Can human genes be a factor in acquiring coronavirus inside your body? The Scotland-based university wants to find out answers.
An upcoming home DNA tests are about to happen for the next months to come, started by Scotland-based The University of Edinburgh. Over 30 million participants are needed to find out whether a human gene can be a factor in identifying if a person is prone to acquiring the virus or not.
To know this, the researchers wanted to use the known home DNA testing kits such as Ancestry DNA, FTDNA or 23andMe, to get findings on the human gene experiment, as reported via Sky News.
The researchers want to know which patients are more likely to experience severe symptoms on coronavirus, which depends on their human genes. Or whether there are no connections at all.
This study represents a huge factor in easily identifying which patients need more treatment or not–may require a large population of patients.
“Time is of the essence. To identify the genes that explain why some people get very sick from coronavirus and others don’t, we need the solidarity of a large proportion of people from different countries who can share their DNA testing results with us. In this case, size really matters,” said Albert Tenesa, professor of quantitative genetics at the University of Edinburgh, who is co-leading the study.
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How will the test be done?
The said experiment has not yet started as of now. But anyone interested to try it at home can sign up on their website to volunteer for tests.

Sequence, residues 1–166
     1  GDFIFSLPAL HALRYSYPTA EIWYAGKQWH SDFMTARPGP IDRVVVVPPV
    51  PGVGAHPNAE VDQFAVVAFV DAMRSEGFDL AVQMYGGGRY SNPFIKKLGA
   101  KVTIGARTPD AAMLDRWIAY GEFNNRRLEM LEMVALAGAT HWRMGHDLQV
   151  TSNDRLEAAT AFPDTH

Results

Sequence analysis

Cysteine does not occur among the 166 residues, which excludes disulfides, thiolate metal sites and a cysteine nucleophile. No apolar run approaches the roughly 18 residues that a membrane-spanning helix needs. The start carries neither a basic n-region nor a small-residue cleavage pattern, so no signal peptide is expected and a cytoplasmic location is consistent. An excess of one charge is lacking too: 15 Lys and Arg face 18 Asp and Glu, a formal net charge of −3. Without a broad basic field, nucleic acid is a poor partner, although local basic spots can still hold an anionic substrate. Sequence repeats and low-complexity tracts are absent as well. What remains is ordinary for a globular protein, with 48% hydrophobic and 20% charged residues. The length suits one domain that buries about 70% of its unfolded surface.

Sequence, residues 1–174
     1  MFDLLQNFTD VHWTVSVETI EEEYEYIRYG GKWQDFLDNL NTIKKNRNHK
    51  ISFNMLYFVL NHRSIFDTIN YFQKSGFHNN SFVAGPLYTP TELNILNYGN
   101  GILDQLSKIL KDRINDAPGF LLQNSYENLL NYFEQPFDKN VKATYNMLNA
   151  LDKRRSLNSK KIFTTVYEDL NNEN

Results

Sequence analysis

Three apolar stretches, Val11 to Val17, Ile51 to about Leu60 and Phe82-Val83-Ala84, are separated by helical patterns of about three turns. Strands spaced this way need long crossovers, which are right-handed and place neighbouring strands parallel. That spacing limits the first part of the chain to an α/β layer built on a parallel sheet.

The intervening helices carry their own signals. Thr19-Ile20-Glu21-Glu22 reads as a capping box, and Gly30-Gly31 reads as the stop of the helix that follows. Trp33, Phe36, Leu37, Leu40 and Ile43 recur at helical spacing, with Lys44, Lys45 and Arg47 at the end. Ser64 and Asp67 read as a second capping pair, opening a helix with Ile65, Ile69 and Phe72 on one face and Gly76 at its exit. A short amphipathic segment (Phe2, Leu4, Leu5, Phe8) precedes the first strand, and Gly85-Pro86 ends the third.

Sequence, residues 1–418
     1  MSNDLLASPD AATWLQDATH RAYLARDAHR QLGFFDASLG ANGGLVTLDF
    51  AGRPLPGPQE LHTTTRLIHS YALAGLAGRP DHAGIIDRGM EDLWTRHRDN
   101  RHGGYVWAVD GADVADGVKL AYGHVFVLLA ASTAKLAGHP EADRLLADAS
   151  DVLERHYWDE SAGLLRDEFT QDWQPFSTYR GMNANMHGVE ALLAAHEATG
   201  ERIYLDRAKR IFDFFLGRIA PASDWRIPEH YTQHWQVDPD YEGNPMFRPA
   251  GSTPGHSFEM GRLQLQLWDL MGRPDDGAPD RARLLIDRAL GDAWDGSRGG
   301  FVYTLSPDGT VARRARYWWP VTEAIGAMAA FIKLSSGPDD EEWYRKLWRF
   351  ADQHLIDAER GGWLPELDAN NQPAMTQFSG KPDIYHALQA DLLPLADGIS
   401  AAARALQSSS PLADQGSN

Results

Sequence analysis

Volunteers will be needed to provide their DNA info and the completed answers for online questionnaires about their health, lifestyle, and any virus symptoms they have had or have for the last couple of weeks.
Not only the ones that are prone to the virus would be tested for the said experiment. The University of Edinburgh also aims to know whether there are human genes that have susceptibility when it comes to transferring and acquiring the virus from one person to another.
“We also need to find people at the opposite end of the spectrum, who are not susceptible to the disease but resistant… it’s a difficult group of people to find because, of course, they haven’t had symptoms so in many cases they don’t know that they’ve had it,” said Kenneth Baillie, from the University of Edinburgh, that will lead the study.
If you want to volunteer, you can do it here.
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